Ask the Experts: Building Up Your Confidence
Our panel of experts recently discussed some questions put forward by the everywoman community about building confidence, particularly in the workplace.
Panel: Sarah Hargreaves, Media Consultant and Executive Coach at Sarah Hargreaves Media, Nina Grunfeld, founder of Life Clubs, and Lynne Bell, Director of Motivational Leadership
My end of year review is coming up, I know I get paid less than my colleagues – what strategies can I use to appear confident when asking for a pay rise?
Lynne: In any organisation it’s important to understand the company’s position regarding pay rises, as well as your own. There aren’t many people in any organisation that wouldn’t like a pay rise but it is not always easy for managers to deliver, so you have to consider things from both sides to be sure you are in a strong position.
Firstly, prepare your case. Ask yourself what it is that you bring to the team and organisation that justifies a pay increase? Be honest with yourself. Are your colleagues performing exactly the same role as you? Are you performing to the same standard as them? What could you do in addition to your role that might merit a pay rise? Are there any special projects or additional responsibilities that would make justification easier? Put yourself in your manager’s shoes and see your request from their point of view.
Familiarise yourself with the company’s policy on pay increases – are there pay bands where specific competence must be met before a pay increase is given? Do you meet those competencies? Prepare the evidence. What’s the current financial state of the organisation? Would a particular precedent be set if the company gave you a pay rise? Document your answers.
Once you are sure you have a strong case, book a meeting with your manager. Present your case and keep the emotion out of your conversation – you are two adults and it is important that your manager can see that you have considered his/her position as well as your own. If you are in an organisation of any size, it’s likely that your manager is not in a position to make a final decision. If so, it’s important that you get your manager’s agreement, in principle, to the case you’re presenting. If not, he/she will not be prepared to make the case on your behalf.
If, despite your best efforts and your objectivity, the answer is that a pay rise will not be forthcoming then what will you do? You may decide that the company does not value you as much as you do or you may enter discussions which mean that a personal development plan could be put in place, so that you can reach a particular standard or that will prepare you for promotion. If your case is strong but they simply cannot afford to give you more money is there anything else that they could give you? Sending you on a training course or reducing your hours are examples of other ways in which you could be rewarded. Whatever the outcome, retain your dignity and professionalism. Your integrity is worth more in the long term.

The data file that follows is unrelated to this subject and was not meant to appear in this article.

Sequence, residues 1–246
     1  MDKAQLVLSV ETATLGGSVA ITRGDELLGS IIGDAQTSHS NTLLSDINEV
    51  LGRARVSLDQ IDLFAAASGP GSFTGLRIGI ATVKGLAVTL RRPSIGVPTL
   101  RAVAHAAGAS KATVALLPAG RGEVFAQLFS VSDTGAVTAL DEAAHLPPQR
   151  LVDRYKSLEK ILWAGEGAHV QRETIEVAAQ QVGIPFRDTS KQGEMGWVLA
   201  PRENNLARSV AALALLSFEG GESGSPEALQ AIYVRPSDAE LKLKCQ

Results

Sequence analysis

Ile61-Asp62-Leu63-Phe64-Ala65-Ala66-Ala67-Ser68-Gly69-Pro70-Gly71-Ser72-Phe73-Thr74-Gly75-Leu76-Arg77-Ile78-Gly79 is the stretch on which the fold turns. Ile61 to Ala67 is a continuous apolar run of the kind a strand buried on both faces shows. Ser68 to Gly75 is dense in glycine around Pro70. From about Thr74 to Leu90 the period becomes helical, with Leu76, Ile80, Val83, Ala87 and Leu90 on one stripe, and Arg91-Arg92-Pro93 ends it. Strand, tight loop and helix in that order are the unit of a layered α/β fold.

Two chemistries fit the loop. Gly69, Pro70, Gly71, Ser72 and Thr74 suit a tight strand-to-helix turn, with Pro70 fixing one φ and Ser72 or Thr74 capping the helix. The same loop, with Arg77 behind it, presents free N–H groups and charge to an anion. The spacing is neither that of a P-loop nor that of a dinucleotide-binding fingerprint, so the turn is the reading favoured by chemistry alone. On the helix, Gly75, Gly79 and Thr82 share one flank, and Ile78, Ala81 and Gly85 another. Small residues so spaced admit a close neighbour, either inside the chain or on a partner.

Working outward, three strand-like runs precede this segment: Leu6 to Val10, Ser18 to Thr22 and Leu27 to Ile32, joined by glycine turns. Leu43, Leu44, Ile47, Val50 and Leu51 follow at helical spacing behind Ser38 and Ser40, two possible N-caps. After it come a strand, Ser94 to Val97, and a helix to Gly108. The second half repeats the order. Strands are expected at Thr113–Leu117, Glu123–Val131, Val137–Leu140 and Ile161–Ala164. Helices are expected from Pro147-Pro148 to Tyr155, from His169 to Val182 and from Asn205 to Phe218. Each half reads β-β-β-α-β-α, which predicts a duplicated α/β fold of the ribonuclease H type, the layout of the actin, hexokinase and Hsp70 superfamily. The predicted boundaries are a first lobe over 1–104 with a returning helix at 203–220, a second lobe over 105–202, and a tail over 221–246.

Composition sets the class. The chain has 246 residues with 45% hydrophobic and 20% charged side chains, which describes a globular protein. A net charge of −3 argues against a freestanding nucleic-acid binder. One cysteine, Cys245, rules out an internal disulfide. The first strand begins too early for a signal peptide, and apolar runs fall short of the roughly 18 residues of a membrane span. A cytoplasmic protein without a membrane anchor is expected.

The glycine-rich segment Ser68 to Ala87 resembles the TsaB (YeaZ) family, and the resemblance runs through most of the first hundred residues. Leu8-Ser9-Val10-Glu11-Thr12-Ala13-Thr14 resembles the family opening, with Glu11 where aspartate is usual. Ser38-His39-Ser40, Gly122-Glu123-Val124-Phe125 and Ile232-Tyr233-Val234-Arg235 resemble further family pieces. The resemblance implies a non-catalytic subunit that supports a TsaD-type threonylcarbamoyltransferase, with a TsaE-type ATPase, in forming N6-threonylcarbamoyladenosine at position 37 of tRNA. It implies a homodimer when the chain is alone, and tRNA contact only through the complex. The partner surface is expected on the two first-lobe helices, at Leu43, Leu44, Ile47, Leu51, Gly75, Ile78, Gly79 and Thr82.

Sarah: Make sure you've made a list of the things you've achieved this year - not just vague things like 'I've done well' but detail, 'I've brought in X amount of business', 'I've taken on extra duties such as training new colleagues'. Being sure of your achievements and the value you've added will make you feel more confident. Some people feel more confident if they pretend they are negotiating for a colleague, or they are their own agent rather than themselves. And if you are sure colleagues who do the same work are getting more, then ask why that is. Keep your voice calm and factual, and don't let yourself get drawn into an emotional response - this is work!
My performance review provided 360 degrees feedback where some colleagues felt I came across as quite aggressive. I’ve always been confident in my abilities and don’t feel I’m aggressive in putting my point across – how can I deal with the situation to achieve team harmony?
Lynne: Imagine a scale with ‘Aggression’ at one end, ‘Non-Assertive’ at the other and ‘Assertive’ in the middle. For team harmony, we all want to tread the middle ground and relate to one another as adults who have the right to be respected as individuals, to be treated with courtesy, to ask for what we want, to make mistakes and have a point of view. In other words we want to be assertive – standing up for ourselves and our rights in such a way that the other person’s rights are not violated.
Consider how you put your point across, both verbally and through your body language – do you give away tell-tale signs that the other person could interpret as you being patronising, condescending, blaming or manipulating? Do they perceive you as making personal criticism? If so, they will perceive this as aggressive behaviour – that somehow you consider yourself and your opinions and ideas to be superior to others’ in the team.
Develop an ‘Assertiveness Mindset’. Ensure that you treat others as mature adults who are fundamentally ‘OK’ people with rights which need to be respected. Make sure that you give people the opportunity to have their say and listen to their point of view.
Sarah: Sometimes people can seem aggressive, and not realise it, when they are not listening to other people. Do you ever cut across colleagues when they are speaking? Or dismiss their ideas because you are sure yours are the best? Teams work best when people respect one another, and part of that is listening to other people. Being confident is great, but just check that you aren't behaving like a team of one.
My business partner is a lot more confident than me and I feel like I’m letting the side down – how can I emulate them?
Sarah: If everyone who worked in a small business was the same, with the same skills, the businesses would all fail! Your colleague might be confident in some ways, but I bet you have other skills and experience that they value. If it's really making you feel bad, then you must talk to your business partner a bit more about how you are both doing and what's important for the business - more concentration on what you need to achieve together will remind you why you got together in the first place.